Greenpoint, October, 2015

Tuesday, February 21, 2012

Take Your Eye Off the Ball

Tim Wakefield and Eri Yoshida (2010)
As reported in this space yesterday, the Red Sox management declined to resign Tim Wakefield to a major league contract. Wakefield went 7-8 last season, so good call, right? Wrong. I had the boys in the BTB Research Bureau take another look, and here's what they came up with.

In the games Wakefield won, the Sox averaged 6.14 runs. That's above the season average of 5.4 per game. But if you take out the 18-6 trouncing of the Blue Jays in September, that drops the average to 4.16 runs for the other 6 games Wakefield pitched, and he still won. In the 8 games Wakefield lost, the Sox averaged just 2.75 runs--roughly half their season average. Where's the love there?

The problem was not with the pitching, it was with the hitting. Here's my theory: The players in the field are trained to keep their eye on the ball, from the pitcher's hand to the bat to their glove. When a knuckleballer like Wakefield pitches, their own timing as a hitter is subtly being affected: When they do step into the batter's box, they're not swinging at the ball that's actually been thrown, but a combination of that and the knuckleballs they've been watching from the field. Result: more Ks, fewer hits.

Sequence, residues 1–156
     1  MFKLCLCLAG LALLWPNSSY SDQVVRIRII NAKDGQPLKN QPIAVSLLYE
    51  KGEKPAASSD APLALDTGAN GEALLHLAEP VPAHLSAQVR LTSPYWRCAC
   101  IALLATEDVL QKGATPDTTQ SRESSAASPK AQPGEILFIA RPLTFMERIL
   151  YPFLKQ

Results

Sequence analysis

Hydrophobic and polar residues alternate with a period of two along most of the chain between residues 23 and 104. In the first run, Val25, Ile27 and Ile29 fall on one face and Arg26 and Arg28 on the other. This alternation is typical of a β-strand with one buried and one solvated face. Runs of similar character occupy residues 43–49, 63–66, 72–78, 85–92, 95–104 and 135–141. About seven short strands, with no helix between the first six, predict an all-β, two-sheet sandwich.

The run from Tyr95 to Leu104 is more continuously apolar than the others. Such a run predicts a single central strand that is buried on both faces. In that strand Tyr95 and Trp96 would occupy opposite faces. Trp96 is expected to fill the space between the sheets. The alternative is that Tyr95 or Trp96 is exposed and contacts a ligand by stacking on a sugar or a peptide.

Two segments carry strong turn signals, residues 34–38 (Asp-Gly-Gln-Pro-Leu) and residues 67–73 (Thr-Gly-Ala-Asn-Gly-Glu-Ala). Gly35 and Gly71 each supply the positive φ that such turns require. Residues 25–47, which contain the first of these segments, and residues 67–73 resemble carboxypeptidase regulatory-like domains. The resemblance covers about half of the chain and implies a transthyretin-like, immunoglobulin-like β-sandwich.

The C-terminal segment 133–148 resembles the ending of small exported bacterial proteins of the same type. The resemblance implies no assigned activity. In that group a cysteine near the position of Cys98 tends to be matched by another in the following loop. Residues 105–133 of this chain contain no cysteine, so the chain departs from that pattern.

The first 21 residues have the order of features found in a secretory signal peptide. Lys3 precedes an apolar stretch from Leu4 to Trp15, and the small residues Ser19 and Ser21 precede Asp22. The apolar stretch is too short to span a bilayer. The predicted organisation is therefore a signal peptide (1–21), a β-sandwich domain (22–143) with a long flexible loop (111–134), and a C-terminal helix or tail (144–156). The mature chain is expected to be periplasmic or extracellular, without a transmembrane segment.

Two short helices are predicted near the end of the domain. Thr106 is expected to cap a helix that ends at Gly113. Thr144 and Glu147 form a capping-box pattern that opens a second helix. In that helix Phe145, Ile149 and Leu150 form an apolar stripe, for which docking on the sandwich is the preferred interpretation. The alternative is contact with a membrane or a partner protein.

Bonus baby?
The solution is not to get rid of Wakefield, especially when the Sox are weak on both starters and relievers, with Lackey out for the season and Papelbon gone. Instead, it's to get Sox hitters to shake off the mental images they're bringing to the plate of Wakefield's knuckleballs. Maybe, there's some kind of sunglasses they could wear in the field that filter out the ball's fluctuations....

Or maybe this calls for the homeopathic approach, get the Sox batters taking tons of BP with knuckleballers. If that's the solution, I think the Sox should sign Eri Yoshida, now pitching out of the bullpen for the Hyogo Blue Sandars. You remember, Eri Yoshida, the young Japanese woman who grew up idolizing Tim Wakefield, taught herself the knuckleball, and briefly pitched professionally for the Chico (CA) Outlaws before returning to play in Japan. Well, why not, she might end up winning more games for the Sox than Dice K.

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